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Home :: Archive :: 1997 :: November ::
Re: No Matter
The Shakespeare Conference: SHK 8.1154.  Saturday, 15 November 1997.

[1]     From:   Louis C Swilley <
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        Date:   Friday, 14 Nov 1997 09:20:35 -0600 (CST)
        Subj:   Re: SHK 8.1149  Re: No Matter

[2]     From:   W. L. Godshalk <
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        Date:   Friday, 14 Nov 1997 15:55:42 -0500
        Subj:   Re: SHK 8.1149  Re: No Matter, Never Mind


[1]-----------------------------------------------------------------
From:           Louis C Swilley <
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 >
Date:           Friday, 14 Nov 1997 09:20:35 -0600 (CST)
Subject: 8.1149  Re: No Matter
Comment:        Re: SHK 8.1149  Re: No Matter

 Julia MacKenzie writes:

> On the question of 'matter', I am reminded of the use of the word in "As
> You Like It":
>
> The Duke Senior says of Jaques - "I love to cope him in these sullen
> fits,/ For then he's full of matter", in which case 'matter' can be
> interpreted as thoughts, ideas, arguments, emotions.  This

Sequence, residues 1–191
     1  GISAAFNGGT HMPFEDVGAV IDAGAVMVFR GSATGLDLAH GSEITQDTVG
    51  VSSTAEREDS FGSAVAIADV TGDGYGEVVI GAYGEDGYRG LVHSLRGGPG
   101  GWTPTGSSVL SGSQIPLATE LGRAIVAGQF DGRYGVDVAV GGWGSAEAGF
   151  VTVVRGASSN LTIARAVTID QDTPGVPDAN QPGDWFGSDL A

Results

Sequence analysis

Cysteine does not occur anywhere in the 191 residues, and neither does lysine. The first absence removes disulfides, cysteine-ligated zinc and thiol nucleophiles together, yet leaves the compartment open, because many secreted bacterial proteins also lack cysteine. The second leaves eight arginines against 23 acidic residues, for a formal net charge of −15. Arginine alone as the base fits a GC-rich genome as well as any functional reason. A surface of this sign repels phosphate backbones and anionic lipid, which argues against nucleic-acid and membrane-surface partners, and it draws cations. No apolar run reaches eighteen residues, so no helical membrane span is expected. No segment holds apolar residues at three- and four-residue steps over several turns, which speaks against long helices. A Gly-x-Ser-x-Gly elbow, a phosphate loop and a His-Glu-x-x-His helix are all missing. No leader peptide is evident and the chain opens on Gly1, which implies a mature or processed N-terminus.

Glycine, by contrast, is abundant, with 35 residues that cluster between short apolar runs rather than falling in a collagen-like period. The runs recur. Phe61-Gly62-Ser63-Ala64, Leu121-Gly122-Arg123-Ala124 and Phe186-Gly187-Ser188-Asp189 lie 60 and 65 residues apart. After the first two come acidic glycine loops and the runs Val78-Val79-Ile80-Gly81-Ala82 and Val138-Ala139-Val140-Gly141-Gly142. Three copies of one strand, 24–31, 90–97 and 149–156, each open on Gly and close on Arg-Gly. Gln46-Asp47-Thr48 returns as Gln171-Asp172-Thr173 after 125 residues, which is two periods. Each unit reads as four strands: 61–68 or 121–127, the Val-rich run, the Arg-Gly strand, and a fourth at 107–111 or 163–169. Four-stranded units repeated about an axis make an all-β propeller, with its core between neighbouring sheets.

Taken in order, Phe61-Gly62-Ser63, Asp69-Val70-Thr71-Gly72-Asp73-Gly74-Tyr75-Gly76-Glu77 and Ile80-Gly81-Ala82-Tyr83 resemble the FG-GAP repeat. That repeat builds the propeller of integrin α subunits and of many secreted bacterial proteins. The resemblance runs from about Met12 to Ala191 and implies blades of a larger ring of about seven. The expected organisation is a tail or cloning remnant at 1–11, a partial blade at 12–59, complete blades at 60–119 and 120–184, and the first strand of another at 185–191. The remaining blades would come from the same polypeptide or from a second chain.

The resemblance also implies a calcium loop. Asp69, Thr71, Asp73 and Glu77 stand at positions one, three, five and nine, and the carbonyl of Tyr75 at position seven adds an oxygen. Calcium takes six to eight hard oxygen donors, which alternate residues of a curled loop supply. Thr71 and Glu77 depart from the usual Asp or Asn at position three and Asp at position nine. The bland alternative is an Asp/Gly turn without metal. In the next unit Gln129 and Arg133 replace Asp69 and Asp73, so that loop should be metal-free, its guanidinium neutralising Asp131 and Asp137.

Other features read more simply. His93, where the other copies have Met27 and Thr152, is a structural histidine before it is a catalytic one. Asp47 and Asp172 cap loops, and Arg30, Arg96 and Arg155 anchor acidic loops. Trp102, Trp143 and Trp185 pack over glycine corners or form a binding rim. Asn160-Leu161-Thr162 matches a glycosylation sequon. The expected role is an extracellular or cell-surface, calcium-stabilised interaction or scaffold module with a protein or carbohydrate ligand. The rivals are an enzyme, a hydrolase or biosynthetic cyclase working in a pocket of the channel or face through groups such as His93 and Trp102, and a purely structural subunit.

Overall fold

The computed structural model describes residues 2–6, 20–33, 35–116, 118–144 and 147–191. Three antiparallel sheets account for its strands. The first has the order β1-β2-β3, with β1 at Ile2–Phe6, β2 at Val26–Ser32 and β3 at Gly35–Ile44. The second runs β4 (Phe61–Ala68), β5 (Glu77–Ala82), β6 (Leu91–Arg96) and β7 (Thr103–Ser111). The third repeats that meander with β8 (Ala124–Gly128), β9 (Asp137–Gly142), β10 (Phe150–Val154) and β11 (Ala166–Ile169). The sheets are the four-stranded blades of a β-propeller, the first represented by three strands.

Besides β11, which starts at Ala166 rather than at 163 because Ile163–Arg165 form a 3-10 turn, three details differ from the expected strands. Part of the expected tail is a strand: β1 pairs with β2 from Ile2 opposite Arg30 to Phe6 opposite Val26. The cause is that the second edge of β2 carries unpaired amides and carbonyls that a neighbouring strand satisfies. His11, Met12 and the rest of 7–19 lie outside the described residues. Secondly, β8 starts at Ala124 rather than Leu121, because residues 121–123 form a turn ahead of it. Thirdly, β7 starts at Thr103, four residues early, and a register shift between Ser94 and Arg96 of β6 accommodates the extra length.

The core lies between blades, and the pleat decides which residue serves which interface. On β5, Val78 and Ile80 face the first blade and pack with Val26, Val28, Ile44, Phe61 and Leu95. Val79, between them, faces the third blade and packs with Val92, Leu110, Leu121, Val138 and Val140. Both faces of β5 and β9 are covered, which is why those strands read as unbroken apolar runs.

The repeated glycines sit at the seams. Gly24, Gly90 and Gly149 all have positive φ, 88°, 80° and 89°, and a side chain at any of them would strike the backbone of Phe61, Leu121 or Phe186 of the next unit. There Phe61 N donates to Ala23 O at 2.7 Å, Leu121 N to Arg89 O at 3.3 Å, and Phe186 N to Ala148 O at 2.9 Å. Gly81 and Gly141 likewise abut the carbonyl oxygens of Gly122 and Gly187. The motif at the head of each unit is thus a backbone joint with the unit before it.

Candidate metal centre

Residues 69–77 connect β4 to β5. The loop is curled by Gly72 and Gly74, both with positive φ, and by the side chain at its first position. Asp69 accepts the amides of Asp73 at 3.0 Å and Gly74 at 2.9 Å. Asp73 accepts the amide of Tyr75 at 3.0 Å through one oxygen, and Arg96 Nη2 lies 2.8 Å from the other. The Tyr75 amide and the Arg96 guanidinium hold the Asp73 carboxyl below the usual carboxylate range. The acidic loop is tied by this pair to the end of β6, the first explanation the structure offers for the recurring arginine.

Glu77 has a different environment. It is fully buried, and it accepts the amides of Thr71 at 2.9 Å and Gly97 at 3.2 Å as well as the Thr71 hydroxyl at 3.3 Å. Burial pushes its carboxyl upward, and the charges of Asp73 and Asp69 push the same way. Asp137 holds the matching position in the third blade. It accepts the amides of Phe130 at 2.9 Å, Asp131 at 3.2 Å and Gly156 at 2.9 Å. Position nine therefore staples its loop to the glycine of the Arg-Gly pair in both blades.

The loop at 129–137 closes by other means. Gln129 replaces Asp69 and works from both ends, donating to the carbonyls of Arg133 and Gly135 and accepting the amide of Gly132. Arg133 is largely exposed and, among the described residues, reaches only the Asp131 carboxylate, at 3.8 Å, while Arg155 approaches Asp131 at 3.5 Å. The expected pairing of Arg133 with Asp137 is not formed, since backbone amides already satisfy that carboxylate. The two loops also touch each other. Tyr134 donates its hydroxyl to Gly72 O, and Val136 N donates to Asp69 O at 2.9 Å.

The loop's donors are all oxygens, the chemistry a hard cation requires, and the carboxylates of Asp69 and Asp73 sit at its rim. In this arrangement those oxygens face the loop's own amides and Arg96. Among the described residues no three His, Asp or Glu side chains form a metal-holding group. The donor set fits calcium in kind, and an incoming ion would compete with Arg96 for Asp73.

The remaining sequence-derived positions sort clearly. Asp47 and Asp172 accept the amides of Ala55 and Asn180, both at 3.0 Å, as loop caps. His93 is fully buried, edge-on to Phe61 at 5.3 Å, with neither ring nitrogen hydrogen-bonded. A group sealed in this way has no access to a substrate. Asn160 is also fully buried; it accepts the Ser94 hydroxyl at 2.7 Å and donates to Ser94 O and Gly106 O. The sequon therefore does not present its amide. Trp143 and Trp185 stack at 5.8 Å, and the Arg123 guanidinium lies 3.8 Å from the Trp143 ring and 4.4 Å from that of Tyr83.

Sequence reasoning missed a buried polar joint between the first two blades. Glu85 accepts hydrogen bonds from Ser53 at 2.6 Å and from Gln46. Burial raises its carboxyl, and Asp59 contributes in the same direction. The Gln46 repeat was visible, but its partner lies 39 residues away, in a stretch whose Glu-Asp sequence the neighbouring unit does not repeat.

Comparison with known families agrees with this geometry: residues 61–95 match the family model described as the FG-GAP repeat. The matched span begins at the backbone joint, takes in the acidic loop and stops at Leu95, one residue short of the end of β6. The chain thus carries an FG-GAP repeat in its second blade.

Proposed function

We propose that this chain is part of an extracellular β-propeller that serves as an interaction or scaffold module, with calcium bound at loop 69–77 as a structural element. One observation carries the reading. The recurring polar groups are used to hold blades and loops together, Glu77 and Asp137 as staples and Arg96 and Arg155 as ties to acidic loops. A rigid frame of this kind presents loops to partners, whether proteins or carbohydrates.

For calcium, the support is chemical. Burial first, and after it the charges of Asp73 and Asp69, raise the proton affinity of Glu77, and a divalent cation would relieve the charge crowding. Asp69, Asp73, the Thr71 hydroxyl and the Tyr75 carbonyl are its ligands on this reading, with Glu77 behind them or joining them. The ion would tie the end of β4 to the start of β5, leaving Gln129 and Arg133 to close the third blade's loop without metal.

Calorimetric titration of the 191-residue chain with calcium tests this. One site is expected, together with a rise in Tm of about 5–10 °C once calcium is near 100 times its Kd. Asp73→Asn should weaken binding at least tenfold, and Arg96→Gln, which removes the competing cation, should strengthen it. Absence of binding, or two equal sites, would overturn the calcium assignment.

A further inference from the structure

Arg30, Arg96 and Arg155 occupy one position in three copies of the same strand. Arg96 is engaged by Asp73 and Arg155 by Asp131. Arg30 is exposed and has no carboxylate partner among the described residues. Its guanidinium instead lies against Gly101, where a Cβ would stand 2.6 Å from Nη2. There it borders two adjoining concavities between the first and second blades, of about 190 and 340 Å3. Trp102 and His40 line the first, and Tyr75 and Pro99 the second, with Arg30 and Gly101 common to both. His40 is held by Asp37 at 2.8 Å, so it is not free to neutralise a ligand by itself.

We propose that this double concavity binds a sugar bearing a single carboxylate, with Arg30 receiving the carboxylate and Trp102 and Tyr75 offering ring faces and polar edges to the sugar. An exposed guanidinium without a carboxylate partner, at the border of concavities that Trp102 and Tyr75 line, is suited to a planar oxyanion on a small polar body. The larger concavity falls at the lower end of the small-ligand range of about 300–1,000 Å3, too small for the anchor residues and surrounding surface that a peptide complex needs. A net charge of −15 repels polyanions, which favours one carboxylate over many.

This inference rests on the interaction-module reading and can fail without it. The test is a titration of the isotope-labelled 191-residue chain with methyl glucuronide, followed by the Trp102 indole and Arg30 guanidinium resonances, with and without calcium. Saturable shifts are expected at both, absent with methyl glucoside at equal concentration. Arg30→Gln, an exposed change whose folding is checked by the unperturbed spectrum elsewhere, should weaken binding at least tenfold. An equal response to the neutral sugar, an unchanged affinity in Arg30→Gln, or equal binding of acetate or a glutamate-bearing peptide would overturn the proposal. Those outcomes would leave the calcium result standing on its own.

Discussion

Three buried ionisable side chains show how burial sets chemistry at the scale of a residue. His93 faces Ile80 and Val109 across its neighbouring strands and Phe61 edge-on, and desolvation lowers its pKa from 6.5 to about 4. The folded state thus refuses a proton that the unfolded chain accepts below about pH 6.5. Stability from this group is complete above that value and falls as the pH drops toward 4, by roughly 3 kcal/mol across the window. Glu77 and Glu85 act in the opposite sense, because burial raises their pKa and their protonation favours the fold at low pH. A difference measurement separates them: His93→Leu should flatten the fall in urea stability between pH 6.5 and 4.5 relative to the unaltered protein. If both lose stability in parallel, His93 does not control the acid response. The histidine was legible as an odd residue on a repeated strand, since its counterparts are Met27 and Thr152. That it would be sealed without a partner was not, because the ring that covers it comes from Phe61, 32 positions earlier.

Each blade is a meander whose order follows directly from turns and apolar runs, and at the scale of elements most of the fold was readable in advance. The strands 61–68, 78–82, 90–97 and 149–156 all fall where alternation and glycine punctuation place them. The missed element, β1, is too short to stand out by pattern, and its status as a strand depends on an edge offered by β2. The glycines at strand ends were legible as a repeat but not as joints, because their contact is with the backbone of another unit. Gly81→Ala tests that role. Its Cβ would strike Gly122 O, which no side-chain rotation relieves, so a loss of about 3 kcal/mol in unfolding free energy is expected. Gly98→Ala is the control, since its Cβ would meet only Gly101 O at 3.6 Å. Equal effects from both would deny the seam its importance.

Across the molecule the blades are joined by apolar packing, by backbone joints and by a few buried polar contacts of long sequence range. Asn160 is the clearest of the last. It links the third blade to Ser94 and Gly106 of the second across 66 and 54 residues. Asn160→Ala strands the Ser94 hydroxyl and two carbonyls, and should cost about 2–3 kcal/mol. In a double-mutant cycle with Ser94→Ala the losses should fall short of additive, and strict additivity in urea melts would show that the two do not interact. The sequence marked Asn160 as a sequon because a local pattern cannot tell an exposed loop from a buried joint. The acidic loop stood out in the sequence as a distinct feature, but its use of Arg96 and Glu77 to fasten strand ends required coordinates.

> interpretation can also be placed on both Troilus' and Hamlet's lines.
> "Mere words, no matter from the heart" - empty words, not real thoughts
> or ideas from the heart, and Hamlet's "words, words, words" being only
> that, with no meaning or emotion.
>
> What do you think?

I think it depends on the immediate and play-wide contexts in the play.
What do those contexts favor - or, if you are a director, what do they
allow?

L. Swilley

[2]-------------------------------------------------------------
From:           W. L. Godshalk <
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Date:           Friday, 14 Nov 1997 15:55:42 -0500
Subject: 8.1149  Re: No Matter, Never Mind
Comment:        Re: SHK 8.1149  Re: No Matter, Never Mind

Dave Evett writes:

>Beatrice's remark about words as "foul wind" suggests a contrast between
>mere moving air and something more substantial, closer to the sense of
>matter as solid material.

"Foul wind is but foul breath" (Bevington 5.2.52-53), says Beatrice.
Isn't she playing with the idea (how can I put this delicately?) of
"breaking wind"? I'm not sure that she's playing with philosophical
distinctions.  Remember that Early Modern thought was almost completely
materialistic: God and heaven were material entities. The soul could be
seen leaving the body.  Angels could dance on the head of a pin
(apparently). If everything is material, are some things more material
than others?

Julia MacKenzie writes:

>The Duke Senior says of Jaques - "I love to cope him in these sullen
>fits,/ For then he's full of matter", in which case 'matter' can be
>interpreted as thoughts, ideas, arguments, emotions.

Yes, true, but Jaques (as jakes) might be full of another kind of
matter, and the Duke may be punning-and inviting a laugh.

Shakespeare apparently likes to play with "matter."  When Polonius asks
Hamlet, "What is the matter, my lord?" (2.2.193), Hamlet replies,
"Between who?" (194). As Bevington points out Polonius means "subject"
matter, and Hamlet playfully understands "cause for a quarrel."

Playing with matter, I remain, Bill Godshalk
 

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